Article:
Powering ahead with gas and electricity ′Power from Poo′

11.05.2015

Northumbrian Water’s ‘power from poo’ production is now cooking on gas too.

After three years of generating electricity from sewage treatment it is also being used to create gas for the national grid.
The water company already leads the way as the only wastewater company in the UK to use all its sludge remaining after sewage treatment to produce renewable electricity.

It captures the methane released by bacteria digesting the sludge and uses it to drive engines to create electricity.
Now Northumbrian Water also has the biggest gas to grid plant of its kind in the industry. It cleans and purifies the methane which is then injected into the grid.

The pioneering £8m gas to grid plant is in the final stages of commissioning at Howdon at the mouth of the Tyne.
It has been built alongside Northumbrian Water’s advanced anaerobic digestion (AAD) electricity generation process which has already saved multi-millions of pounds in operating costs and delivered a 20% cut in the water company’s carbon footprint.

Northumbrian Water has two AAD plants, one at Howdon on Tyneside and the other at Bran Sands, Tees Port, Middlesbrough – a previous combined £70m investment in leading green technology.

When fully commissioned the gas to grid plant at Howdon will produce up to 88 million kilowatt hours (kWh) of renewable energy per year - enough to supply the gas requirements of about 5,000 domestic homes. The plant will also deliver a £3m annual efficiency which helps Northumbrian Water have some of the cheapest bills in the industry.

Once the methane has been produced by the AAD plant it is cleaned in water towers in the gas to grid process to remove impurities and propane is added before it is injected so that it matches the existing gas in the grid.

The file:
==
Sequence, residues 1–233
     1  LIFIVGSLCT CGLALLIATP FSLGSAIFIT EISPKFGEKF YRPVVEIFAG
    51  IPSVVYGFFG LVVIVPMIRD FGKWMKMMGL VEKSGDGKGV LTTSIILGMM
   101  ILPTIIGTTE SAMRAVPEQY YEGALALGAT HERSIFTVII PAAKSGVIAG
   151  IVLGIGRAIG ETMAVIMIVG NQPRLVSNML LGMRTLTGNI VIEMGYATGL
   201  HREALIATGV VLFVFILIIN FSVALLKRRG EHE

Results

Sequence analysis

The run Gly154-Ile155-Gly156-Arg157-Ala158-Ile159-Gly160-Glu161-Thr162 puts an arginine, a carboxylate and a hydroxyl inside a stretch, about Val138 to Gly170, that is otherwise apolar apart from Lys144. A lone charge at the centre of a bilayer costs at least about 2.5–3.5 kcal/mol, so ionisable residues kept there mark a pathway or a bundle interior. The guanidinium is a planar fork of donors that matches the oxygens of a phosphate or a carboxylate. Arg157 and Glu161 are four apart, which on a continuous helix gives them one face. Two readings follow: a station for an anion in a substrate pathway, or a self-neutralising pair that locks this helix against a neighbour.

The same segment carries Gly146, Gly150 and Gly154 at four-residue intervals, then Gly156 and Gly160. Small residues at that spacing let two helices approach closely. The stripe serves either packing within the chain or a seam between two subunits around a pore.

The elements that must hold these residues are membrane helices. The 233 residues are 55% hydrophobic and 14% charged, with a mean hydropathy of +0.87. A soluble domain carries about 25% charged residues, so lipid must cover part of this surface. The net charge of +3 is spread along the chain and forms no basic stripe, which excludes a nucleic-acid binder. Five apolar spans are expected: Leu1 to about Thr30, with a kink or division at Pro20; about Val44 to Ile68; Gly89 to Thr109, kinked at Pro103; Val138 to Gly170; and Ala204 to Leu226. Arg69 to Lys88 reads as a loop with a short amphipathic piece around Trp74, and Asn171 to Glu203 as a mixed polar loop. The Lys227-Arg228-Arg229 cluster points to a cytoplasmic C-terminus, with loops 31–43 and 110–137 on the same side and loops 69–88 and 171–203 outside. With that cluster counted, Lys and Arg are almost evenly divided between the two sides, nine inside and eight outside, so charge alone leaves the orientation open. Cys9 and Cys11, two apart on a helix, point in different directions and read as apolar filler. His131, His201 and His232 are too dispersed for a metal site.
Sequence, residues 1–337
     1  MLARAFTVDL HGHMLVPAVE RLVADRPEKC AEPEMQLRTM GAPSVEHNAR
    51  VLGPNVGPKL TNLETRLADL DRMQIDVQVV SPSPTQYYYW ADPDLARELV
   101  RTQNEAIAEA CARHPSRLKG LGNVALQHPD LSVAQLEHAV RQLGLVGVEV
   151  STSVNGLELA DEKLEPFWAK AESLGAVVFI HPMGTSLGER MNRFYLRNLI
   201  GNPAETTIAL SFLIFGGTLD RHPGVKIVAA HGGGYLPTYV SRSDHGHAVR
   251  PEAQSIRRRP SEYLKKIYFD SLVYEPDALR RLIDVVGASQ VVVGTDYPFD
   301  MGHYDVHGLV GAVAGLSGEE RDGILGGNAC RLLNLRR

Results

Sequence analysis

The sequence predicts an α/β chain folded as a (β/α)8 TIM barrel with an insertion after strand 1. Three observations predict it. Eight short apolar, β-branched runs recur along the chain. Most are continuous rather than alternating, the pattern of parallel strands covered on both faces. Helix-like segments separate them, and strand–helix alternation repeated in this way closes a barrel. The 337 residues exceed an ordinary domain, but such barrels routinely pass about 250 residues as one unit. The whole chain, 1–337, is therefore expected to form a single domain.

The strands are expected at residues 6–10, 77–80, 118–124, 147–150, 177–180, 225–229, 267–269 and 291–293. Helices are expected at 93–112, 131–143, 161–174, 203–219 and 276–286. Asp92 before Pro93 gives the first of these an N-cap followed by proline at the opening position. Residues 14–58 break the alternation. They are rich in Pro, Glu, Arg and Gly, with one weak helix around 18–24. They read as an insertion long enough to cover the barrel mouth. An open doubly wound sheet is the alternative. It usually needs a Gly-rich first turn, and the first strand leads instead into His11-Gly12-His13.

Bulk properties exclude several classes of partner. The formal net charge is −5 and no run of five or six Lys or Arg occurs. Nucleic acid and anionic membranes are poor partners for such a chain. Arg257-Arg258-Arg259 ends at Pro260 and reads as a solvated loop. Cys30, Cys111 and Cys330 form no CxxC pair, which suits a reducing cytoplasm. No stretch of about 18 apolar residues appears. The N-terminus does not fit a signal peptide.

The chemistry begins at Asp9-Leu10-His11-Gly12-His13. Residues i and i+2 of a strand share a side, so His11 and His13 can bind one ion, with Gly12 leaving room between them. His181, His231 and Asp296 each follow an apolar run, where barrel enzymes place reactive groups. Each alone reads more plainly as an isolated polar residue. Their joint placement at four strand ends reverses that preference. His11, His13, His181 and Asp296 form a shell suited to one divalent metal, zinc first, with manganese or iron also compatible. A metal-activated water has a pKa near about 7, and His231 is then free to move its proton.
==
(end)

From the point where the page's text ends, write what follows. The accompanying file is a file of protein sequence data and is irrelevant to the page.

As with natural gas the artificial odour chemical Butyl Mercaptan is also added giving it the characteristic gas smell so it can be detected for safety.

The gas to grid process is more efficient than electricity production as energy is lost as heat and noise from the gas engines used to create electricity.

Richard Warneford, Northumbrian Water’s Wastewater Director, said: “We are now able to produce both gas and electricity. More than 20% of our total power use is now from renewable energy sources including hydro power at our treatment works and reservoirs like Kielder Water.

“Our customers can now be reassured that we are doing all we can to use the waste they flush down the toilet as a fuel and turn it into electricity and gas to add to the national grids which people use to light their homes and cook their meals.
”We are leading the industry in pushing the bounds of technology and learning from the challenges of integrating the new gas plant with our existing advanced sewage treatment and electricity generation processes.”

The advanced anaerobic digestion (AAD) thermal hydrolysis process involves pre-treating the sludge┬áremaining after sewage treatment, heating it to 165 degrees Celsius under six bars of pressure – a bit like putting it in giant pressure cookers.

This destroys any pathogens and breaks down the cell structure, which makes it better to be fed to billions of bacteria in giant digester tanks – and easier for them to digest.

The resulting methane released by the bacteria is collected in 11-metre diameter biogas storage bags before being burned in gas engines capable of producing nearly 10 megawatts of electricity (the equivalent of about 35 million kWh per year) or being fed into the gas into grid process.

Waste heat and steam generated from the process are also captured and recycled for use elsewhere at the works.
The two AAD plants on Tyneside and Teesside reduce about 300,000 tonnes of wet sludge, resulting from the treatment of domestic sewage and biodegradable industrial effluent from a population equivalent of about four million, to about 100,000 tonnes.

And that 100,000 tonnes of processed pasteurised sludge is an excellent enhanced biosolid fertiliser used by farmers.
Northumbrian Water is also monitoring the gas to grid plant with a view to possible future installation of further plant alongside its second AAD plant at Bran Sands on Teesside.

For further media information contact Alistair Baker, PR & Media Manager 0191-3016851 / 07711 793493

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